Optimism and Health By: Sheri Dos Santos August 8, 2010 PSY/220 The power of positive thinking not only is effective in creating a sense of mental well being, there are now studies being conducted in using optimistic thinking in assisting people in keeping themselves physically well also. The power of the mind is a never-ending wonder; this author does not doubt that science will be tapping into the human mind longer than a lifetime. Using positive thinking to keep the mind in a state of well-being gives a person a sense of control of their own destiny and the trials and tribulations that are dealt to the human race at any given time or day.
When someone is challenged with a traumatizing event that may put him or her in a life-threatening situation, drawing on optimistic thinking will allow the person to handle the situation more efficiently and calmly (Taylor, et al, 2000). A study was conducted on women with breast cancer, the researchers were out to prove that distinguishing certain characteristics in optimistic thinking can lead to these women returning to their former active lives before being diagnosed with cancer.
The results of this study and the women interviewed were surprising, many of the women stated that they not only returned back to their former activity levels, but also were actually stronger. It was reported that many women felt a more sense of “self”, re-prioritizing the importance of people and events in their lives. It was also reported that relationships with the people in their lives became their highest priority and their appreciation of the presence of family and friends in their lives (Taylor, et al, 2000).
Patients who use positive thinking are far more likely to live longer productive lives than those who do not. Another study was conducted on HIV positive men that had experienced the loss of a loved one or friend to HIV. These men were asked to reflect on their grieving process and the impact this death had upon them. The study was conducted on grieving because the researchers knew that it had a negative impact on the immune system, for all people, healthy or not.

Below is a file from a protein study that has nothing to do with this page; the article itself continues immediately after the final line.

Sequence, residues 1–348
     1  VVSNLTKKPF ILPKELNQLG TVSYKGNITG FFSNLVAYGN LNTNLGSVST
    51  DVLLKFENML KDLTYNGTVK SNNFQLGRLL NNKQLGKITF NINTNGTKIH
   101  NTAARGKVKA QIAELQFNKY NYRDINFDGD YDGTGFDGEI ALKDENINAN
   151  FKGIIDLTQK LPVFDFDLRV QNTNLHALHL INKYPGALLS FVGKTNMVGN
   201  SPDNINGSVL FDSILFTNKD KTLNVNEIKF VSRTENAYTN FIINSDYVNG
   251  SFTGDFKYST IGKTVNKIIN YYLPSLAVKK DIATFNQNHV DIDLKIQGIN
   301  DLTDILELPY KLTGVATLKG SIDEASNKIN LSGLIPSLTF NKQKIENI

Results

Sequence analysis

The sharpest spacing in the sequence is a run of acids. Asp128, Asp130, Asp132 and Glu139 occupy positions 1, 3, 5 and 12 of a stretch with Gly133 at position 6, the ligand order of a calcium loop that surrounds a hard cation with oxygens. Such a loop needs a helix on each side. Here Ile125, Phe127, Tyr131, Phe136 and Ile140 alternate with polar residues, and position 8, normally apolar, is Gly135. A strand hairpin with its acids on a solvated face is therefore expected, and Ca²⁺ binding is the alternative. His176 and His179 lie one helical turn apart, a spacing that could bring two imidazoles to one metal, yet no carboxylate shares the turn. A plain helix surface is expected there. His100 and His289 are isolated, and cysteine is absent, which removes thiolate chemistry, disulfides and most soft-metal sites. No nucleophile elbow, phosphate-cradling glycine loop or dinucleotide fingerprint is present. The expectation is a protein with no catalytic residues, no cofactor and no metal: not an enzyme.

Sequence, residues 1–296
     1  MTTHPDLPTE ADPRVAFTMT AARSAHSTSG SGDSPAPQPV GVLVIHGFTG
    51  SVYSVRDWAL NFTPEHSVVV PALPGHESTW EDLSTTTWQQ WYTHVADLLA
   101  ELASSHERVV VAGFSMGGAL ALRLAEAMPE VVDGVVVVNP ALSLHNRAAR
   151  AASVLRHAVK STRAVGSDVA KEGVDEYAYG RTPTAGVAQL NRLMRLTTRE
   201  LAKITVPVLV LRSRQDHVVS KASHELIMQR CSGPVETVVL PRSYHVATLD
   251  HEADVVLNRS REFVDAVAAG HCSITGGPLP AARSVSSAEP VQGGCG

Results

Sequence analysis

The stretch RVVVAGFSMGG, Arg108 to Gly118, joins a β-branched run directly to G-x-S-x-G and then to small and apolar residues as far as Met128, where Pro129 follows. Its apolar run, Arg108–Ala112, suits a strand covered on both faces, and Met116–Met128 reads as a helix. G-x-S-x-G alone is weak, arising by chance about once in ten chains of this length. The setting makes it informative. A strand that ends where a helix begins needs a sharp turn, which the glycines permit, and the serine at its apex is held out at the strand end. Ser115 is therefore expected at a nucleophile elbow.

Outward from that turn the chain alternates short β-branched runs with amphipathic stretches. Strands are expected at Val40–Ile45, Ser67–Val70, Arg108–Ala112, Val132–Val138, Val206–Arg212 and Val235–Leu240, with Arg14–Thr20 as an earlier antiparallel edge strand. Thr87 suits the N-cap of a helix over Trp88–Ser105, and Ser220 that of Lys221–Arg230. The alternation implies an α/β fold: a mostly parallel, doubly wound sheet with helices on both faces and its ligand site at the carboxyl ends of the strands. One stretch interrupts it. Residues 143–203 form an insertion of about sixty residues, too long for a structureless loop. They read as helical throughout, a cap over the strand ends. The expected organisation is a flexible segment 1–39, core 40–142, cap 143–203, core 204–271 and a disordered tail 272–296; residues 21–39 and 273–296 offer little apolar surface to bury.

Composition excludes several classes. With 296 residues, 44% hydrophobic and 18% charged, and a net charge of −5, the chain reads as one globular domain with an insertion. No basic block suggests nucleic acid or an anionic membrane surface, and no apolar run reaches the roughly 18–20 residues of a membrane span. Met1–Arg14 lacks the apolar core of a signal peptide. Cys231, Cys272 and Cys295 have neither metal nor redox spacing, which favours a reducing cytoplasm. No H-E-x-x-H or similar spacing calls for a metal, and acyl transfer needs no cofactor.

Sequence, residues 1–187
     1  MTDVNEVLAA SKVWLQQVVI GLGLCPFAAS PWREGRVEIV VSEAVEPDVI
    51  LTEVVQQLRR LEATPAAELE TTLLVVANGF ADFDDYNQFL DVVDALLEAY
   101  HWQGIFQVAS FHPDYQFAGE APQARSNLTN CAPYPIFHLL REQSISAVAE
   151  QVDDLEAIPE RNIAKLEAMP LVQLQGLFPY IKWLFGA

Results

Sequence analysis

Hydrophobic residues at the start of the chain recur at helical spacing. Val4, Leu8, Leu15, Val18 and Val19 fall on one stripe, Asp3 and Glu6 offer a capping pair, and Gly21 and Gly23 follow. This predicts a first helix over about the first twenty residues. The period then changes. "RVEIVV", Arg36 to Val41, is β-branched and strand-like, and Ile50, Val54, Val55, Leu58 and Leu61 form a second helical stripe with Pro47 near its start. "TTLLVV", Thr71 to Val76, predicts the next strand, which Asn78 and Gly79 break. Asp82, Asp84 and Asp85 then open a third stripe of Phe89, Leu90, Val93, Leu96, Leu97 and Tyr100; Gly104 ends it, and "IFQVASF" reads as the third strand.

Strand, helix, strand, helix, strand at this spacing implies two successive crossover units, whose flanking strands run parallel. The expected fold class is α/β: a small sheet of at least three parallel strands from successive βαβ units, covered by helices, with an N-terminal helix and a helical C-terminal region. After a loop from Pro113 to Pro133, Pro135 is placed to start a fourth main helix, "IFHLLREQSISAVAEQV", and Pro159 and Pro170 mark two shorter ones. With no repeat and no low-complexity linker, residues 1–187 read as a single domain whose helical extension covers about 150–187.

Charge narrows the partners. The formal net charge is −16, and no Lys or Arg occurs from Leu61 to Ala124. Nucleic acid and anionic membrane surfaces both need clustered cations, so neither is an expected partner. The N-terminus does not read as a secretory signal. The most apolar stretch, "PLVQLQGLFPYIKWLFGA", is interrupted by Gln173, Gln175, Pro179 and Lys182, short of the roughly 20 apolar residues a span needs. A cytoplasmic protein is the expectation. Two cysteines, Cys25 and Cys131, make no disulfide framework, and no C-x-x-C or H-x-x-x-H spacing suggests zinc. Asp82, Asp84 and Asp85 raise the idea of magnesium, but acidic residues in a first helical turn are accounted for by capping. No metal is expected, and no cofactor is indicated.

The results were based on the final interviews with the men; it was found that those who could find meaning or some positive aspect of the loss of someone were able to ward off negative impact on their illness. Those who could not get through the grieving process with some type of positive outcome were found to advance more quickly into their disease (Taylor, et al, 2000). The study also found that men that were depressed or in a negative state before they were asked to reflect on the grieving of their loved one showed more advancement in their illness.
The men who were unable to find meaning or a small positive outcome were retested on their HIV status and it was found that the number of cells involved in this illness had a noticeable decline as opposed to those who used positivism. The conclusion of these researchers was that those men who had found meaning in the grieving process seemed to have an invisible biological shield from their illness progressing quickly compared to those who did not find any meaning (Taylor, et al, 2000).
Research on the effects of optimism and one’s physical health up until about the last ten years had been limited due to the inability to perform tests on an individual. However, with the advancement of modern medicine and the knowledge of today’s scientists, testing on the physical repercussions of positive thinking has proved that “mind over matter” truly does exist. It does not cure terminal illness, but it permits the person to adapt to their illness with better coping mechanisms as well as allowing them to stall the advancement of their disease.
For those who have chronic conditions, but not fatal, such as arthritis, diabetes, or chronic pain optimistic thinking can help them adjust to living with a chronic condition and help alleviate the severity of their pain. Reference: Taylor, S. E. , Kemeny, M. E. , & Reed, G. M. , Bower, J. E. , Gruenewald, T. L. (2000). Psycholgical Resources, Positive Illusions, and Health. American Psychological Association, Inc. , 55(1), 99-109. Retrieved from http://ehis. ebscohost. com/ehost/pdfviewer/pdfviewer? vid=7&hid=114&sid=73fc7cf5-eee4-489a-a25d-710cbab8963b%40sessionmgr10